Five standout supercars with pop-up headlights
The humble pop-up headlight, a telltale sign that you are immersed in late 20th-century motoring and, for the purposes of this list, some of the finest classic supercar machinery out there. Many of these examples are undisputed automotive icons of their respective decades, but it is undoubtedly the subtle opening flick of their distinctive headlights that will evoke the strongest feelings of nostalgia.
The retro aesthetic is arguably the most captivating aspect of this particular breed of car, but the soundtrack is not to be forgotten either; the gentle hum of the motor, followed by that oh-so-satisfying clunk as the headlight reaches its natural stopping point.
Whilst there has been many a compendium recording the most celebrated models to boast pop-up headlights, supercar-specific lists have remained few and far between. That being said, here is our list of the five best supercars with pop-up headlights.
First up, we have a true icon of the eighties. The Testarossa instantly became the archetypal example of a supercar with pop-up headlights following a spate of pop-culture references that stretched from four decades past right the way through to the modern-day, most notable of which being Miami Vice. A potent combination of its signature 'cheese grater' strakes, flat-12 engine and of course, those unmistakable headlights are indicative of the ultimate retro look that supercar investors are now scrabbling to get their hands on.
Speaking of iconic, retro supercars, they don’t come much more recognisable than the Lamborghini Countach. Similarly to the Testarossa, this also features in mainstream media with an appearance in the Canonball Run looming large in the minds of the model’s most fastidious of fans. The amalgam of the Countach's jet fighter aesthetic and pop-up headlights yielded styling that has transcended its 16-year production run.
Cars rarely come with higher plaudits than the NSX. Endorsed by the late, great Ayrton Senna himself, the original NSX was touted as a pure supercar for the driving enthusiast. The first-ever mass-produced car with an all-aluminium body, combined with completely unassisted, unadulterated steering ensures that sentiment rings true whilst the mix of angular, supercar styling and commonplace Honda badge still serve as a refreshing counterintuitive novelty.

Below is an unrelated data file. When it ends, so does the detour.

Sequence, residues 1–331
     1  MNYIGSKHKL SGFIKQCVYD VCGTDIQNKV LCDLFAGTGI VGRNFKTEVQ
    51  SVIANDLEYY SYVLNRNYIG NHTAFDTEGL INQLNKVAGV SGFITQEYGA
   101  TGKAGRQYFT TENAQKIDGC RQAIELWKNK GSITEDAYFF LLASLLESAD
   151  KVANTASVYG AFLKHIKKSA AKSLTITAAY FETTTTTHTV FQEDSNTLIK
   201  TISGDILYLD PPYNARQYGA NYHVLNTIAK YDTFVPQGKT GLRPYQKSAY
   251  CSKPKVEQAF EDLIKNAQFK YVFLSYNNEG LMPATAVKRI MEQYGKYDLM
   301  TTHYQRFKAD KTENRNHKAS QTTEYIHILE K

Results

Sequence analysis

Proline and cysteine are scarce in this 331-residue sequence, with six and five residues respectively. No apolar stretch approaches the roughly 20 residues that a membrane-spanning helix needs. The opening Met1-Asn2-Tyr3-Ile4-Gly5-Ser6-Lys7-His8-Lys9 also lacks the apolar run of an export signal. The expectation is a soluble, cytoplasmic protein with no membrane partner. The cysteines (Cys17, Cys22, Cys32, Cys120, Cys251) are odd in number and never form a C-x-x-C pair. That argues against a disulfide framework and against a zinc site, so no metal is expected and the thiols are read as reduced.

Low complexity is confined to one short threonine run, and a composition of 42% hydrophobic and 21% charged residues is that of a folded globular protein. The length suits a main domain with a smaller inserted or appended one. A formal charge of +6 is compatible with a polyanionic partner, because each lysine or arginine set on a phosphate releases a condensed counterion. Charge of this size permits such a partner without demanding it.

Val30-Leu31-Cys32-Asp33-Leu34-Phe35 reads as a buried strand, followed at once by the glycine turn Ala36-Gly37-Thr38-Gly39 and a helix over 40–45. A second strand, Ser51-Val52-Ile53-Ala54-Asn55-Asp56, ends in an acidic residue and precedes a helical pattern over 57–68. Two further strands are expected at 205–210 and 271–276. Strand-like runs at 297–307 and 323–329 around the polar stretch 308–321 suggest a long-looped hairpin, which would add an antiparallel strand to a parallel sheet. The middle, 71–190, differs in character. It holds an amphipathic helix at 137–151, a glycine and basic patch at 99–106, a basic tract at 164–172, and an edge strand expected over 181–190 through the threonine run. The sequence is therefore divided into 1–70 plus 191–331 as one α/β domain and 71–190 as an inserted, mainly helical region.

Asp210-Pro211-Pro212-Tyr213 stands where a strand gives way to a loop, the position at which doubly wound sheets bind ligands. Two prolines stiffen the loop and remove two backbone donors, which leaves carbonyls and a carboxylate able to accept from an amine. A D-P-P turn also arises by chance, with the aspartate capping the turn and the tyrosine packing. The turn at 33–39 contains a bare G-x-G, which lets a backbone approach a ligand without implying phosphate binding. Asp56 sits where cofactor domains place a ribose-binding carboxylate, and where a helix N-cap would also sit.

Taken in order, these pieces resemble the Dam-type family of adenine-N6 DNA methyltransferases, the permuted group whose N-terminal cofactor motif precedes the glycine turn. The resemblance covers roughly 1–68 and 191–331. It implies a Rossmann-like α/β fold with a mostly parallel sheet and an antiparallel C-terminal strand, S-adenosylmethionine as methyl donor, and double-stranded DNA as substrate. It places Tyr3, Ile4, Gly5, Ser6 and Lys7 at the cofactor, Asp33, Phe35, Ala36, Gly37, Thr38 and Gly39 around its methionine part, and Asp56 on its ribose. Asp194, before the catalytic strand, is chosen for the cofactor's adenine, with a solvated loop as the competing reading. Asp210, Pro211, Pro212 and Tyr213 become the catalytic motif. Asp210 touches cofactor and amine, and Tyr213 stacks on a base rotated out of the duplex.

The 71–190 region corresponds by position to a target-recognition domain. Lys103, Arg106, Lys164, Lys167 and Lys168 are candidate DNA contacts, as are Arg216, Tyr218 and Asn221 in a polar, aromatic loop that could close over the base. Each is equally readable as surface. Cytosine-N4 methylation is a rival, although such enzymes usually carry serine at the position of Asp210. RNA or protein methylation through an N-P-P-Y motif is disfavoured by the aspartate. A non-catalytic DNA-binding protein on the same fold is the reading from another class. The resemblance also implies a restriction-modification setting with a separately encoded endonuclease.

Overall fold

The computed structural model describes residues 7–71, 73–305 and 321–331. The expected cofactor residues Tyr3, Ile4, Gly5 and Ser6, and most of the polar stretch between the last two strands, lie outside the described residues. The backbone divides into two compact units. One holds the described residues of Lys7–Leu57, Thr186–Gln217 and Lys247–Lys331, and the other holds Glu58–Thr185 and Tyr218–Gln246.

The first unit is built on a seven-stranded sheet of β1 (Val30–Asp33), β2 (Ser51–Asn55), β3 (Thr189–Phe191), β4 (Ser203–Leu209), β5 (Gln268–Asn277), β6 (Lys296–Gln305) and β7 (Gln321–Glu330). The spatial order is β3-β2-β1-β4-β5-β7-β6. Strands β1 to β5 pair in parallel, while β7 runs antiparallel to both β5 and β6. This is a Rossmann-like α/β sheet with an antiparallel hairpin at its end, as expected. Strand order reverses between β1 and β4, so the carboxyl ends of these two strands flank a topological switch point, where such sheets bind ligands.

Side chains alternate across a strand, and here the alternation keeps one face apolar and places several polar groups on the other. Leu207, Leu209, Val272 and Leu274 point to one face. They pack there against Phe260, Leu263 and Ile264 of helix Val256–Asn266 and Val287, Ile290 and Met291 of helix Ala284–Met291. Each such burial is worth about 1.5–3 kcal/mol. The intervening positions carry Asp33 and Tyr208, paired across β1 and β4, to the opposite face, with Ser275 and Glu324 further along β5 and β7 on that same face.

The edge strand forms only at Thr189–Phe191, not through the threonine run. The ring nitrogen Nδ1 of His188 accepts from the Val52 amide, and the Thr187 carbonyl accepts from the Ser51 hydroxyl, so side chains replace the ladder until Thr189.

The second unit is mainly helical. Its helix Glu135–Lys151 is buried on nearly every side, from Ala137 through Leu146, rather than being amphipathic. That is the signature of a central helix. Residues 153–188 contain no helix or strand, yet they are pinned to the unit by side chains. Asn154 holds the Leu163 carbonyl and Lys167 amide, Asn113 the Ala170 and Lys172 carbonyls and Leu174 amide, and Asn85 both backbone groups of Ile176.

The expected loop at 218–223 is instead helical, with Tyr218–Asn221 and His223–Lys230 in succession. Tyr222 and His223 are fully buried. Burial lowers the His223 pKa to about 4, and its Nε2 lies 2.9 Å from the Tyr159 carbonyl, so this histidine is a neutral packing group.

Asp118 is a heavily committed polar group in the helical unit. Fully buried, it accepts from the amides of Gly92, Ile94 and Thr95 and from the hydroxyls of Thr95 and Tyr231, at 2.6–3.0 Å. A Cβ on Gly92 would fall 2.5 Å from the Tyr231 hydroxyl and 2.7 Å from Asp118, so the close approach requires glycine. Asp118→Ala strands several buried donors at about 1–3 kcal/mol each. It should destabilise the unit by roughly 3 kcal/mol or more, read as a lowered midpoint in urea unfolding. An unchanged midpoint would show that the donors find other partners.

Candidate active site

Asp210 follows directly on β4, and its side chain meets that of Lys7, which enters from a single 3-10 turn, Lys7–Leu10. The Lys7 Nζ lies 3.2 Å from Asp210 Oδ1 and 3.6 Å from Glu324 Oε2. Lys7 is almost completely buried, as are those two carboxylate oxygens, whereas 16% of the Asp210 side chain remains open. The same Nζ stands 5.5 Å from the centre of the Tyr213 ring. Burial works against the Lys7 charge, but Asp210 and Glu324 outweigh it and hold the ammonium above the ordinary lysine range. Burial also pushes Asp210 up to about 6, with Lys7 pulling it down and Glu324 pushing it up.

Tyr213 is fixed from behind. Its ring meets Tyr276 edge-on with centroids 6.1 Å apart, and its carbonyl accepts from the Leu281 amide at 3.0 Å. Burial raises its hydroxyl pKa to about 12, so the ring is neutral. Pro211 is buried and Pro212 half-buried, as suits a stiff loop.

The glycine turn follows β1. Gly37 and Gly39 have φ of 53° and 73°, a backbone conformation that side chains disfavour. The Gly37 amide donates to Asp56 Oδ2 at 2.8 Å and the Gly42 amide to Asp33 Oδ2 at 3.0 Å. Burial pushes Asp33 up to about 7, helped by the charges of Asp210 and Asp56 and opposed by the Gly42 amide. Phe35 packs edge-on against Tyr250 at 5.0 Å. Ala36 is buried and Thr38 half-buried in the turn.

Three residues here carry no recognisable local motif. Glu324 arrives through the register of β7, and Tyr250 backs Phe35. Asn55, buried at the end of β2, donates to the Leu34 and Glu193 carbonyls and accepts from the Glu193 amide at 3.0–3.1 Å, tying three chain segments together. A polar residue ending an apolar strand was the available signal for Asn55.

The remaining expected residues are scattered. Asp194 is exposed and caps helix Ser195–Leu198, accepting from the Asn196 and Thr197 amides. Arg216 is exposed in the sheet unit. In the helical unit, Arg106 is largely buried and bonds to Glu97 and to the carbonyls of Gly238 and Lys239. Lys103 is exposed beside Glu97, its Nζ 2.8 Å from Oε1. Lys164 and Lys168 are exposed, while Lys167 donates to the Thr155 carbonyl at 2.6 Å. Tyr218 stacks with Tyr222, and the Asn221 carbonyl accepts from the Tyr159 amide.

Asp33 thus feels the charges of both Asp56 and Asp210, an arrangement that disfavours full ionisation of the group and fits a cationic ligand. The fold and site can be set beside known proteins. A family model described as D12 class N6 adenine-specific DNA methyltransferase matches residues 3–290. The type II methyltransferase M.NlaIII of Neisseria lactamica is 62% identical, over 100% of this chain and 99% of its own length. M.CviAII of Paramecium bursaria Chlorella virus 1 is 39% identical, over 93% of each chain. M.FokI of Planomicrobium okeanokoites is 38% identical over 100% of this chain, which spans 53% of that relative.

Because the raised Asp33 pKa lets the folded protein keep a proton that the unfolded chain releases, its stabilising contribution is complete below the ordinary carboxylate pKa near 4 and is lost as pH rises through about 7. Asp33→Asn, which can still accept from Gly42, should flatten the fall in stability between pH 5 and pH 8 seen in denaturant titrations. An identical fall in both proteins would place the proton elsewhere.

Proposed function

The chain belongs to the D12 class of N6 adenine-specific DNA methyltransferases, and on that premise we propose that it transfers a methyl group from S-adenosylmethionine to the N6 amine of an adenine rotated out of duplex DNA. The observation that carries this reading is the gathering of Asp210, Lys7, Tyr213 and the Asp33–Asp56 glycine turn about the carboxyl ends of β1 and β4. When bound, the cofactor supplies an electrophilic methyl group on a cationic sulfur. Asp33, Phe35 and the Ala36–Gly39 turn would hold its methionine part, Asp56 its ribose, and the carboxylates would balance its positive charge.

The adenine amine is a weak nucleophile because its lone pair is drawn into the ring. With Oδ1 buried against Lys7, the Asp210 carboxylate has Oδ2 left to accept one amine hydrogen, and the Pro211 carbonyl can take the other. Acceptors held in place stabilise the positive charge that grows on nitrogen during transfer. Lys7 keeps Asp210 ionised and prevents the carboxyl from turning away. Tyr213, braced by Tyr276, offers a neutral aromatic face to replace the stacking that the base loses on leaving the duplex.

As BMW’s foray into the world of supercars and, to date, its only significant effort in that space, the M1 is a car better known for its on-track appearances rather than on the roads. This 3.5-litre, mid-engined monster was built as a collaborative project with Lamborghini, with the German marque enlisting help from the Italians to manufacture sufficient numbers for homologation, enabling them to compete in the World Sportscar Championship. A single-make M1 series served as a Formula 1 support series with many of the era's Grand Prix drivers racing in identical machinery.
In the 55 years since its inception, the 2000GT has been elevated to near-legendary status. Proclaimed as Japan’s first-ever supercar, it has become synonymous with investing and collectability. In part, this reputation is due to its apparent classic 911-esque driving sensation but also because of its unique styling, despite the pop-up headlights looking somewhat out of place on the stunning, sinuous bodywork.
Although the XJ220’s lights aren’t technically of the ‘pop-up’ persuasion, we couldn’t leave it out of this list. These particular headlights miraculously appear via a distinctive pop-down shutter, adding to the one-of-a-kind perception of the XJ220.
As discussed in our ‘bonkers but brilliant’ article, the Diablo perfectly encapsulates both late twentieth century Lamborghini eccentricities and the unmistakable retro supercar feel. Those features – both aesthetic and functional – exist in harmony with the pop-up headlights to transport those in its presence, let alone those behind the wheel, back to the nineties.
Naturally, we’re a little bit biased with this one. Not only is the F40 one of the Ferrari big five, but it was also the fastest car on earth upon release, it was the last car to be commissioned by Enzo Ferrari himself and to top it all off, it's now a lucrative investment opportunity owing to its exponential market growth. The fact that this particular supercar has pop-up headlights is merely a footnote on its long list of accolades, but that doesn’t stop it from looking the business!
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